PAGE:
Signing and terminating a labour contract. The rules for the employment relations between employers and workers in Bulgaria are stipulated in the terms and conditions of employment contracts, which are concluded on a mandatory basis. Employment contracts are concluded in writing to set out the place of employment, the job title, the date of the contract, the duration of employment, the amount of the basic and any additional paid annual leave, the remuneration and duration of the working day or week.
The employer is obligated to notify the regional directorate of the National Revenue Agency (NRA) and provide the worker or employee with a copy of the employment contract signed by the two parties and a copy of the notification sent to the regional directorate of the NRA not later than three days upon signing the contract.
Employment contracts may be concluded for an indefinite or definite period of time – fixed-term employment contracts, which become indefinite contracts when the worker continues to work for the employer for five or more days after the expiry of the fixed term and no objection has been received in writing from the employer. Most labour contracts include a trial period of up to six months. The employer is obligated to inform the worker in writing of any changes to the terms of employment contract not later than one month after such changes become effective.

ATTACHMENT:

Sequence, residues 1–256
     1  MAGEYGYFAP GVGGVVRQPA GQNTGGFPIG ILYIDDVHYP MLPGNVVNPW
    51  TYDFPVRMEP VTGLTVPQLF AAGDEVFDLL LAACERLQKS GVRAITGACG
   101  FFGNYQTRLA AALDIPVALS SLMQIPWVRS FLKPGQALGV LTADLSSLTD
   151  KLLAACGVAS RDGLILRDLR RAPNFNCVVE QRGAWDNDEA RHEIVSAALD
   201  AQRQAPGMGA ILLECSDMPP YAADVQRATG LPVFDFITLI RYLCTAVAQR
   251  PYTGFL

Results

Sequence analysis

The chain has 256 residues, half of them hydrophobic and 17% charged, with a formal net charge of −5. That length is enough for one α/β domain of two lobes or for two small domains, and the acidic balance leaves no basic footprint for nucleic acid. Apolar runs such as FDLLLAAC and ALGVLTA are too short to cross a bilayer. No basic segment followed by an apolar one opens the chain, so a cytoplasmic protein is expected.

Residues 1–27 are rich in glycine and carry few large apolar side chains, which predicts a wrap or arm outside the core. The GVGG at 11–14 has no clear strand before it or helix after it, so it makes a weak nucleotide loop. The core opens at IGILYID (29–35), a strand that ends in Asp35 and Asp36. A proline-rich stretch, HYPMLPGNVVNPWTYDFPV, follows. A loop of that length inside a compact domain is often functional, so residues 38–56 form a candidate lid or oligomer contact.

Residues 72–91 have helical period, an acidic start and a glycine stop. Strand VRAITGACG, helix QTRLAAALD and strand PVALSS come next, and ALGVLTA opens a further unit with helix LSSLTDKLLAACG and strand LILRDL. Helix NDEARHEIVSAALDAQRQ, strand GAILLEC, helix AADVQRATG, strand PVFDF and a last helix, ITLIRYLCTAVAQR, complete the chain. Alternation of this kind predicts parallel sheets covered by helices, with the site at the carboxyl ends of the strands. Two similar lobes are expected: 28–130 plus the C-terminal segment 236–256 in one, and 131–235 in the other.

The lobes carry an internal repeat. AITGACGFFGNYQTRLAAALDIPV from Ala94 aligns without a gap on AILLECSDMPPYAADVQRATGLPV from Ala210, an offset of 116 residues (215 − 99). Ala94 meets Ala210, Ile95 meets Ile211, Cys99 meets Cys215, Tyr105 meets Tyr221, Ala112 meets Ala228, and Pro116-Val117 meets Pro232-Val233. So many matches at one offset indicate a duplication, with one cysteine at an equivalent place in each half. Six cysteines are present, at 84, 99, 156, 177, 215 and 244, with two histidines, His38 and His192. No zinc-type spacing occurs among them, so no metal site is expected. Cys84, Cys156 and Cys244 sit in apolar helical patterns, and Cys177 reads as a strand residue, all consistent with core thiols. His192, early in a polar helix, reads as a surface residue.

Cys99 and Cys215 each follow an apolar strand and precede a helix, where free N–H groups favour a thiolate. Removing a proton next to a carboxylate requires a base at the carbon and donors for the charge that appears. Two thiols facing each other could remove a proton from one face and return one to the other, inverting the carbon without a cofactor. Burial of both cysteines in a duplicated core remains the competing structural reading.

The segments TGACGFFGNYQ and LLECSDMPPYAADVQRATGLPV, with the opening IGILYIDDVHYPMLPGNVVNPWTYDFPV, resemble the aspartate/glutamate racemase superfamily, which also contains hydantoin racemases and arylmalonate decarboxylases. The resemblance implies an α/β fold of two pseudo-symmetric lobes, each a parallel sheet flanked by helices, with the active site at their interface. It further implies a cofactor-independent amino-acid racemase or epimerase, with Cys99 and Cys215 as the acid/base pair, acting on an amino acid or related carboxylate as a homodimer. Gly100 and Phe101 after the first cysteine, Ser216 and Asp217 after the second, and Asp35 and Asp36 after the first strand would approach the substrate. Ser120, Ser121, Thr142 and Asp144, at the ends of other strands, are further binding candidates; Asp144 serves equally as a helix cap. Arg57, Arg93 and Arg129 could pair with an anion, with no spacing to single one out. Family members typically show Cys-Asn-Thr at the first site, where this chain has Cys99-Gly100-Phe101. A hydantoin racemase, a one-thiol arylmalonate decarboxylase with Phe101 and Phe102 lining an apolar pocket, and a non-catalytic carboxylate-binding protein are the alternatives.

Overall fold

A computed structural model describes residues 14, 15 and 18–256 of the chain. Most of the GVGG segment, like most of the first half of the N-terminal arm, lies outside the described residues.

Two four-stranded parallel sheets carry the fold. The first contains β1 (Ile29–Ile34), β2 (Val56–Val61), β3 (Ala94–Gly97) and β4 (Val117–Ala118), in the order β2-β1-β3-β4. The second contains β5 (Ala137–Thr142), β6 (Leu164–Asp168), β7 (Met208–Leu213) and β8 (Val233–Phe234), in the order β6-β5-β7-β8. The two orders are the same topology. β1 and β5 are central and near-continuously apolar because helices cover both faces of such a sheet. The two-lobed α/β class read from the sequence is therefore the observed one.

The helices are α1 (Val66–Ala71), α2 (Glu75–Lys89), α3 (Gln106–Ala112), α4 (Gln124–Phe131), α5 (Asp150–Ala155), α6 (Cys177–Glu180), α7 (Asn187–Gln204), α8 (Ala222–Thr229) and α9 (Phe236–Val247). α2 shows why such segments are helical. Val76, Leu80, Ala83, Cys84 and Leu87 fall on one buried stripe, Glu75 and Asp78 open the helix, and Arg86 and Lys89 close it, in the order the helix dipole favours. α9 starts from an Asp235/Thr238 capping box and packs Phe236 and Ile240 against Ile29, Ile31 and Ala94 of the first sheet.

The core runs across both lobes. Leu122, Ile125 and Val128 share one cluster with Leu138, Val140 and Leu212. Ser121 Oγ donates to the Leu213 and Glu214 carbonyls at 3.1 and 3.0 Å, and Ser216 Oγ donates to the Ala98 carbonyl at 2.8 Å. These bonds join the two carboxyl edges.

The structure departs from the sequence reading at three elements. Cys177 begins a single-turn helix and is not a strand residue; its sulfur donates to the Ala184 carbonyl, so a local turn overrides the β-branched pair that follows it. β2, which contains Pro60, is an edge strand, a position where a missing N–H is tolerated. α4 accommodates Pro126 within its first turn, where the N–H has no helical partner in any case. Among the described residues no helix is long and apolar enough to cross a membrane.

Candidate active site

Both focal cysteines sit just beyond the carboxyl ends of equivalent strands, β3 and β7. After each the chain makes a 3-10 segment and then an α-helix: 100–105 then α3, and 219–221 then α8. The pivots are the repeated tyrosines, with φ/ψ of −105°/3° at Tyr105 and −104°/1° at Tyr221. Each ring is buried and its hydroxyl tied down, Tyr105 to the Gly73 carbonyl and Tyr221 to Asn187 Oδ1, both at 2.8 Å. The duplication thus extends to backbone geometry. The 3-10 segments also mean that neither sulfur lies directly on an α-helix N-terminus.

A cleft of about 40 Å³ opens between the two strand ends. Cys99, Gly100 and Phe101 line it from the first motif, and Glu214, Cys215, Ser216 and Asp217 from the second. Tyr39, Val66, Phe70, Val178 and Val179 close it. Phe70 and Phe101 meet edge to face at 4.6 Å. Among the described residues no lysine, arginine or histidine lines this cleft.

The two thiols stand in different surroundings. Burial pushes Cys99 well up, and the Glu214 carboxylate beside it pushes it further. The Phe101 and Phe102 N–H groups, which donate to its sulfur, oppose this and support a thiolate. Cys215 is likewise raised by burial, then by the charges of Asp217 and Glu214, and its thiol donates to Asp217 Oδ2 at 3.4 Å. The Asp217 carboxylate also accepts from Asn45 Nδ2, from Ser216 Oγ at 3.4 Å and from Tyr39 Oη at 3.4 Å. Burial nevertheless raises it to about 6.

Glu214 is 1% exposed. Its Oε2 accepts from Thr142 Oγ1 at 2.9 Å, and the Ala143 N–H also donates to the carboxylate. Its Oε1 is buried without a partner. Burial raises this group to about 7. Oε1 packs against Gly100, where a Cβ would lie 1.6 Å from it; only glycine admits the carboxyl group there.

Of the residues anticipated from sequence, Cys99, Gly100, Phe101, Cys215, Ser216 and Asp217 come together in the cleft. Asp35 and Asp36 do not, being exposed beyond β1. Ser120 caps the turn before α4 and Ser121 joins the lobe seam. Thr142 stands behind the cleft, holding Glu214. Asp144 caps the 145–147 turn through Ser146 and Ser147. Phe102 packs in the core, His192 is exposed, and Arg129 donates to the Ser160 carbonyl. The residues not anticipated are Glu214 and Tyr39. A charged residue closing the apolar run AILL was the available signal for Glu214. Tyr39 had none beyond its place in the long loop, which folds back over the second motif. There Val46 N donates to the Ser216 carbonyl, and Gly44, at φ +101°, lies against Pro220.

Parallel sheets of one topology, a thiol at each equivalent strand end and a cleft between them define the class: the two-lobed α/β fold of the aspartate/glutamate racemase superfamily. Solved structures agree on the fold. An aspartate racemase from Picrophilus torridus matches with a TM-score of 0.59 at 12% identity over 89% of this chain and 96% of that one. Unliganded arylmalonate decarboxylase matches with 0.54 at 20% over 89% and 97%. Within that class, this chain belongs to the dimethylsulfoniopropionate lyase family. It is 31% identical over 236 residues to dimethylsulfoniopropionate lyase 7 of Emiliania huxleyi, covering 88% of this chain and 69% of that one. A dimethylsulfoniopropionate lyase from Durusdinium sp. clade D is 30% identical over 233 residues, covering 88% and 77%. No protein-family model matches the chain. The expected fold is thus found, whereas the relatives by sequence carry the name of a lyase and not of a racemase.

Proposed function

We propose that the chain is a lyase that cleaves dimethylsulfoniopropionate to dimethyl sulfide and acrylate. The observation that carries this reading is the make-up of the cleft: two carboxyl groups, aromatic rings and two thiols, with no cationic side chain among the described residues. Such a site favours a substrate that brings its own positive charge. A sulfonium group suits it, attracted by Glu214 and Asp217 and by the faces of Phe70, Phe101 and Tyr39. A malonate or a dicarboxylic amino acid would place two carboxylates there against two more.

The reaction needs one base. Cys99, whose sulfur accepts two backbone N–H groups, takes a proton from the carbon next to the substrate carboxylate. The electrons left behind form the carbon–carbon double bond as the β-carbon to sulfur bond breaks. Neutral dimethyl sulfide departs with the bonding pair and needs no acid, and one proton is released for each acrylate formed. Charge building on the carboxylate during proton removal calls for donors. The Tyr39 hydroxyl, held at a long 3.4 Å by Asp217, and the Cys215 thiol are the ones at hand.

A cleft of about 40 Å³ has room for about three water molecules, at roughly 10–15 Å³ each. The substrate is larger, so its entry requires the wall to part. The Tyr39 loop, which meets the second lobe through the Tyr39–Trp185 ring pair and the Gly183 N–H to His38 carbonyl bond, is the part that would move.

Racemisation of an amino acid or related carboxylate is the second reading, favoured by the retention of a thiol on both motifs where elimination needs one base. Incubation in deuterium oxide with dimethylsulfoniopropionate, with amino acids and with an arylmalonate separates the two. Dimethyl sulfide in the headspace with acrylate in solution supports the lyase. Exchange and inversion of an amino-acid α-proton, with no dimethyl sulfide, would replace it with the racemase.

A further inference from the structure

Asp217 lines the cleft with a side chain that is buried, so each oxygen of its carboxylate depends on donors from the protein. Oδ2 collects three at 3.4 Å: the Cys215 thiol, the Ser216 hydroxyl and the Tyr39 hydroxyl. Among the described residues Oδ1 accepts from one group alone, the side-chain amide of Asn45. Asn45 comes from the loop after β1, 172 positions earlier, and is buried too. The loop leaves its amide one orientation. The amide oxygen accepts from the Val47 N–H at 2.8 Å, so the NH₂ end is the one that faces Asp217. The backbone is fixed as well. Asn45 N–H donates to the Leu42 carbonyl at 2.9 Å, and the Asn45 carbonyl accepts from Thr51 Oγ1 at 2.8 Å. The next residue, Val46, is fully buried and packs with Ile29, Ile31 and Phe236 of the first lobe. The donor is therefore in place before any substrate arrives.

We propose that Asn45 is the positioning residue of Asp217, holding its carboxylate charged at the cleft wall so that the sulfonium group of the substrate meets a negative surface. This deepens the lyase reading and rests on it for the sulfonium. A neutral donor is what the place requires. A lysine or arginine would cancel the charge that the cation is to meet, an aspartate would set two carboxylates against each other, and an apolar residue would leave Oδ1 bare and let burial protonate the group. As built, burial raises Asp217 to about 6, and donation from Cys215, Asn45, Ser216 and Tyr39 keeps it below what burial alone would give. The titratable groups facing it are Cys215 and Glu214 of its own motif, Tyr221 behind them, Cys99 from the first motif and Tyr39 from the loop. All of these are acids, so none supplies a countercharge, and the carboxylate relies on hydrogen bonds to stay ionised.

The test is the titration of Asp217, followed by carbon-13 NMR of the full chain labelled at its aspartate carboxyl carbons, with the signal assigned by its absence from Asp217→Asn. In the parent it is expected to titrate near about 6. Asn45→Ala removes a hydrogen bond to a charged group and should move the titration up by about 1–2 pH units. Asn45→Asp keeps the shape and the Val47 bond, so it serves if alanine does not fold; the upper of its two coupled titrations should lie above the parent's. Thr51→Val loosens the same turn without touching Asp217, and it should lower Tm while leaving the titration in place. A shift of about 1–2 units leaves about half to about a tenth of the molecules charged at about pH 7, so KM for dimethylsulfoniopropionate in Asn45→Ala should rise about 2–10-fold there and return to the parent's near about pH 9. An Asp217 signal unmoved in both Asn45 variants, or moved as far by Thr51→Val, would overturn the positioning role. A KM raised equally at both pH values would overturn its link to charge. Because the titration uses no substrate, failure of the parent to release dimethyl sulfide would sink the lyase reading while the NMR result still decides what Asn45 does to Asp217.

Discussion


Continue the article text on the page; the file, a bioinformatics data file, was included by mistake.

Employment contracts concluded for an indefinite period are terminated by a at least one month notice and those concluded for fixed periods by a no longer then three month notice. The contract may be terminated without prior notice by mutual consent of the parties or upon their expiry; or when a worker or employee has been a replacement for another one, who returns from a temporary leave of absence; when the work for which a person has been hired is completed etc.
Employers may dismiss employees who have qualified for retirement based on age and length of service with a month’s notice. Employees may terminate their employment contract with the employer under the same conditions, but without notice. A new type of employment contract was introduced in 2015, for short term seasonal agricultural work. Such contracts have duration of one day and must be certified by the General Labour Inspectorate. The Labour Code sets out more detailed information about employment relations.